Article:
Segregation is a necessary and moral response to xenophobic populism in Europe

The rise of the ‘populist’ parties in western Europe is a significant shift, in the generally stable system of political parties. It is not the populism itself that is new, it is that an unrepresented section of the population has acquired a political voice. The new European ‘populist’ parties and movements are anti-immigration, anti-Islam, anti-EU, and culturally nationalist. They include parties such as Geert Wilders’ PVV in the Netherlands, the Front National in France, the UKIP in Britain, Vlaams Belang in Flanders, and some ‘street movements’ such as the EDL in Britain and Golden Dawn in Greece.

These parties can not be explained by the political process itself, or by economic circumstances. They exist because a section of the population is nationalist, eurosceptic and xenophobic. The parties are a symptom, not a cause. Xenophobia itself is autonomous, and not responsive to political process or government policy. It is probably genetic in origin, and it can be explained in terms of evolutionary biology. The underlying problem is that a section of the population is biologically incapable of living in a multi-ethnic society. When that is imposed on them, they become frustrated and angry.

The new ‘populist’ parties express that anger and frustration, but cannot remove its cause. Instead they distort the political process, causing established parties to make endless concessions to the xenophobic voters. The concessions are never enough, and that causes more frustration: it is a vicious circle.

What do these voters want? Essentially, a mono-ethnic and mono-cultural nation-state. Geert Wilders’ supporters in the Netherlands want to live in Dutch neighbourhoods, inhabited by Dutch people, where Dutch is spoken on the street, and where Dutch police officers keep order. They want Dutch schools with Dutch teachers, where Dutch children learn Dutch culture and history. They want Dutch shops with Dutch staff, Dutch hospitals with Dutch doctors and nurses, and they want to work with Dutch colleagues, for Dutch employers.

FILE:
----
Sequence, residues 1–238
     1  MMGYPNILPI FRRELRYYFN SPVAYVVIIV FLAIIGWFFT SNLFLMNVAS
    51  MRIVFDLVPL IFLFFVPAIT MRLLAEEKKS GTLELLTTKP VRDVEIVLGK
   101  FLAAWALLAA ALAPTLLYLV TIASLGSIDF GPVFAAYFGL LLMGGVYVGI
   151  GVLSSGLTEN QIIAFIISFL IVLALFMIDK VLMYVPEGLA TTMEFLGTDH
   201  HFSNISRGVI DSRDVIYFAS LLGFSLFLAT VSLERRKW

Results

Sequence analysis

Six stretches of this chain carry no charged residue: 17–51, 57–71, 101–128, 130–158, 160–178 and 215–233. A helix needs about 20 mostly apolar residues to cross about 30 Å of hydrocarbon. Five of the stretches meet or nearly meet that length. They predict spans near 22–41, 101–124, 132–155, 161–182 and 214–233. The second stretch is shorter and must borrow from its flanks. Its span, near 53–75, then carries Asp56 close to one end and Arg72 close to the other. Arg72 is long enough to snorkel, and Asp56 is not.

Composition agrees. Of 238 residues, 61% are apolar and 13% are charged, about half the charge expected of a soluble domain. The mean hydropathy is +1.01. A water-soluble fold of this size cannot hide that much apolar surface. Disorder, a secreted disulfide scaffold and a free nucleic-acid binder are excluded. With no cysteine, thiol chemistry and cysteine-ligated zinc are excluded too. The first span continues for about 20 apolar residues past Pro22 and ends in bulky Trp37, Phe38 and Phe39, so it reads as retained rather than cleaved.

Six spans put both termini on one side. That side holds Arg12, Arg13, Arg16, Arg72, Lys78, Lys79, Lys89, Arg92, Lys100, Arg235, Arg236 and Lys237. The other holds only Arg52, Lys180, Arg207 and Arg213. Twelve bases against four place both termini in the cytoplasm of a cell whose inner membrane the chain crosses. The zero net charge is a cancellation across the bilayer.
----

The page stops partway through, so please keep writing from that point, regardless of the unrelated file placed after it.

Similarly, typical UKIP supporters in the United Kingdom want to live in British neighbourhoods, inhabited by British people, where English is spoken on the street, and where British police officers keep order. They want British schools with British teachers, where British children learn British culture and history. They want British shops with British staff, British hospitals with British doctors and nurses, and they want to work with British colleagues, for British employers.

From these aspirations, the policy follows logically. Society must be structured, so that they can live with each other as much as possible, free from the foreign elements which distress them, and contradict their aspirations. That requires a historically unique form of separation. The details would differ from country to country: the Netherlands, for instance, has a historical model of separated communities, the verzuiling or pillarisation.

Those who do not want to live separately from foreigners, would simply not choose to do so. That is an obvious difference with historical segregation in the United States or South Africa: they had no multi-ethnic option.

Segregation has a bad name, and it would contravene national anti-discrimination laws, which are derived from international treaties. Those laws must therefore be repealed. The greatest obstacle to the introduction of segregation is however, the integrative nationalism of the elites in western Europe. Their goal is a homogenous population, a traditional nationalist ideal: they respond to migration by demanding the assimilation of migrants. Segregation would be an admission of failure for them, and indeed a failure of the nation-state itself.

Segregation begins with recognition of the xenophobic and nationalist segment of the population as a distinct group. They must get a specific name – not ‘xenophobe’ because it is too negative, perhaps ‘national-patriotic’. The ‘national-patriotic’ population must get their own education system, from primary school to university. They must get their own healthcare system, with their own separate hospitals. Public broadcasting must be broken up, and a separate national-patriotic media sector created.